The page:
Archive for February, 2013

Authority loses its moral force and spiritual energy when it becomes authoritarian.” (Peterson, p.36)

A dictator in a home or in a nation chooses the way of quick returns…There can be a subtle parental pride in exactuing obedience, much like bringing a dog to heel. ‘Good’ children can be displayed, to the parent’s advantage.” (Lionel Whiston, quoted in Peterson, p. 38)

When I graduated from college I moved hundreds of miles from home for my first full-time job. I was engaged, but not yet married. I knew only one other person in the city. So I bought myself a puppy and began to teach him with my spare time. It quickly occured to me that if I trained him to be obedient, he could come with me to the YMCA where I was a volunteer soccer coach. It was rewarding to me to see how quickly he learned and how consistently he obeyed. As a result of significant and consistent attention for those first six months we were together before the wedding, I received praise for the rest of his life for how well mannered and well trained he was. I honestly enjoyed that and began to take some pride in what I good parent I would “obviously” be someday.

The Lord had to humble me after I had my first two children. One day He pulled back a veil from my eyes and let me see my pride and my foolishness. I was not training puppies, I was raising children. I had to weep and repent! He was the primary parent, not me. It was my privilege to join Him. I suddenly saw parenting in terms of stewardship and hospitality, not behavioral outcomes!

Peterson gets at this same issue, I think, when he quotes John Updike on the importance of seeing our children “not as our creations, but our guests, people who enter the world at our invitation…”

Do you agree? When we see parenting in terms of stewardship and hospitality instead of behavioral outcomes, how does that change things? Does that impact decision-making within the family? Does this mean we have to be willing to be embarrassed at times? What does this mean for allowing disagreement? How will parenting like this increase our own discipleship?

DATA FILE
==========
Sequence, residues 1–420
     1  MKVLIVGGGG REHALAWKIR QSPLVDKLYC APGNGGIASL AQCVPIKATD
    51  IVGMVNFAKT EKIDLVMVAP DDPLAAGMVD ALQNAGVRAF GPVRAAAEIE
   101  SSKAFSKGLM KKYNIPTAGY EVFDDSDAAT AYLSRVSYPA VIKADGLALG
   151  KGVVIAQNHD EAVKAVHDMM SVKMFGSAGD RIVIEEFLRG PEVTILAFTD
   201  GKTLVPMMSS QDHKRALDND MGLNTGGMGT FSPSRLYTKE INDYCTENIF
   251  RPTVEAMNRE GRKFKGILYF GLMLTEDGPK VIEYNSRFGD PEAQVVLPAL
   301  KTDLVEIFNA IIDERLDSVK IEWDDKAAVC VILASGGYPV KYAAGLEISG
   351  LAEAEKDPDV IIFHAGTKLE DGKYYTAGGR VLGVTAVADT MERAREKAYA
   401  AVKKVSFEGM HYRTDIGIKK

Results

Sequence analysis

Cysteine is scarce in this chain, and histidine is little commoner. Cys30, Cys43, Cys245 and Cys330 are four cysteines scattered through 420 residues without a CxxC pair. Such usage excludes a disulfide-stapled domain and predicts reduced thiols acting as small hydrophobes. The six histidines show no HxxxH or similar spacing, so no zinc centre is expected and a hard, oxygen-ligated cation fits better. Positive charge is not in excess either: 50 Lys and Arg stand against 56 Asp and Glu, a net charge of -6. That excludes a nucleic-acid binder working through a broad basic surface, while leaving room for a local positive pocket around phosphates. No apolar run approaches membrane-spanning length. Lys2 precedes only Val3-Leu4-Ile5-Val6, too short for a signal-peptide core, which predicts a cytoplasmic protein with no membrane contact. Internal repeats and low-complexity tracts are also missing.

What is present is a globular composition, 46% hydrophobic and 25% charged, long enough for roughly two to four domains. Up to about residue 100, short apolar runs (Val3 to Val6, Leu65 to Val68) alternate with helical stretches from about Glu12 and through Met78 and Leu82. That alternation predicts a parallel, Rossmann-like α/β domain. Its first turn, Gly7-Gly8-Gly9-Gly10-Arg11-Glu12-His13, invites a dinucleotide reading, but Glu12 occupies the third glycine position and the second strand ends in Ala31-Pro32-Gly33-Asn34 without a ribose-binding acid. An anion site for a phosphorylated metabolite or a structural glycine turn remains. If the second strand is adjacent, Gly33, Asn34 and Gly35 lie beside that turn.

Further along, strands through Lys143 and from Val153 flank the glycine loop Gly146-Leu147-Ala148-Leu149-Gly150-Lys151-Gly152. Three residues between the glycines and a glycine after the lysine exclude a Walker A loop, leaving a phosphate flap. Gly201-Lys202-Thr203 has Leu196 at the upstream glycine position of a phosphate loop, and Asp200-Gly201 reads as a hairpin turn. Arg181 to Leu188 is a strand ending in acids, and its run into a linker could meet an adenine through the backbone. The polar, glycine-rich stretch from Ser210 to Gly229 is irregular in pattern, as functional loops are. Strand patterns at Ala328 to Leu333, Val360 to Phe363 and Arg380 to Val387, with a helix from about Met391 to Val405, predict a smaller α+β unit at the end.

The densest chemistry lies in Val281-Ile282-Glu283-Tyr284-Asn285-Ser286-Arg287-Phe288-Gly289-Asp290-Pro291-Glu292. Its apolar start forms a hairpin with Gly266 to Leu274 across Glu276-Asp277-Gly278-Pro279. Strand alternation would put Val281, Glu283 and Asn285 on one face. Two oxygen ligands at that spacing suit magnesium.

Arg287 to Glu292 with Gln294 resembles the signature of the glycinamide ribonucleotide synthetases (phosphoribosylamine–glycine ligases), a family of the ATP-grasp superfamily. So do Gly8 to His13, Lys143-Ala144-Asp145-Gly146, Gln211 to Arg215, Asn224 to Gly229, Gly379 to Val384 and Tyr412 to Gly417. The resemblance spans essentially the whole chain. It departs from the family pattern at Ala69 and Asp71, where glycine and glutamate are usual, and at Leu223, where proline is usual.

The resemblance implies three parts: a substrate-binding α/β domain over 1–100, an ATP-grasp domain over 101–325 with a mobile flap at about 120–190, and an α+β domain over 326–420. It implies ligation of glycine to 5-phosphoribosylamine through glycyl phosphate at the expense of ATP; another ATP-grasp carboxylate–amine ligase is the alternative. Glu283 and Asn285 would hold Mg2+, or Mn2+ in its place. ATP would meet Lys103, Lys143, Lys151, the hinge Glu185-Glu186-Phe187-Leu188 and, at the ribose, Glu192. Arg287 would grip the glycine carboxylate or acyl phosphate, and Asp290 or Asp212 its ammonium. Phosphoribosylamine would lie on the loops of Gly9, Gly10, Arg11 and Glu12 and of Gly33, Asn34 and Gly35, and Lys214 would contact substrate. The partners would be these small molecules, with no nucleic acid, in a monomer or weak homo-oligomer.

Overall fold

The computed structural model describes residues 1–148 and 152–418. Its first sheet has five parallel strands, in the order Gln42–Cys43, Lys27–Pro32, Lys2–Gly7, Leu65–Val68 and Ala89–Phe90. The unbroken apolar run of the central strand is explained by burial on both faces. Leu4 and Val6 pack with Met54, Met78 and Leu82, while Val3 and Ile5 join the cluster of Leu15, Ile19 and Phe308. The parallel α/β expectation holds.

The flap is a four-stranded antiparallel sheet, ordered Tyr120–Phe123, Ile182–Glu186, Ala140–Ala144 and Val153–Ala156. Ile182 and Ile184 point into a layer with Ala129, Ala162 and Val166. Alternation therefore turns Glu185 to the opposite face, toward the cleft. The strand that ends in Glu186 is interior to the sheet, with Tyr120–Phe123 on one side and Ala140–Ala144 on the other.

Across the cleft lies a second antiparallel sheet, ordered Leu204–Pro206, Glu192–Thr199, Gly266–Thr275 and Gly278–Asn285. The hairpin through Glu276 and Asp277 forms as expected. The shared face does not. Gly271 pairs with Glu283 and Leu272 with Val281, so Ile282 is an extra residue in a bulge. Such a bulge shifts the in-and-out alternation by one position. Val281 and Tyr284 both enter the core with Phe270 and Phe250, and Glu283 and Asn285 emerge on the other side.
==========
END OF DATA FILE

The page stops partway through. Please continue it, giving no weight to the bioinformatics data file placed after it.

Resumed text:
Erik Erikson suggests that the problem with forcing obedient behavior is that the parent does not have to become an adult to do so. You don’t have to grow up. You don’t have to learn courtesy or deference or understanding. You are in fact authorized to remain arbitrary and inconsistent. It seems to me that if authority is framed by “because I said so!” then the world view being taught is that whoever is the strongest wins. That may be practical in politics, but it is not a Kingdom worldview. And it is destructive to discipleship.

Peterson uses Luke 2:41-51 to demonstrate that authority when challenged does not bluster, is courteous and is not coercive. He also encourages us to meditate on the authority of our Heavenly Father. He disciplines, but He does not push His children around. How do you understand the discipline of the Lord from Scripture? Is the model craftsman with an apprentice a good model? What is the role of training and instruction? Do you agree with Peterson that “the heart of discipline, and the most biblical expression of authority, is careful attention that guides growth“?

(This post is inspired by chapter 4 of Like Dew Your Youth: Growing Up With Your Teenager by Eugene Peterson. Get a copy of this great little book and check back each Thursday for the next 8 weeks to become part of the discussion).

“But once the child reaches adolescence the parents must spend much more time and attention on the way they exercise authority and correspondingly less on worrying whether obedience is forthcoming.
(p. 31 emphasis added)

I love this chapter. It challenges me, it encourages me and it invites me to be transformed! Here is one of Peterson’s great paragraphs:

“Challenges to personal authority – commonplace in adolescence – cannot be settled simply by quoting Saint Paul: ‘Children, obey your parents in the Lord, for this is right.’ Adolescents are quite likely to have read the letter to the Ephesians, too, and able to do some quoting of their own: ‘Fathers, do not provoke your children to anger, but bring them up in the discipline and instruction of the Lord.'” (Ephesians 6:1, 4)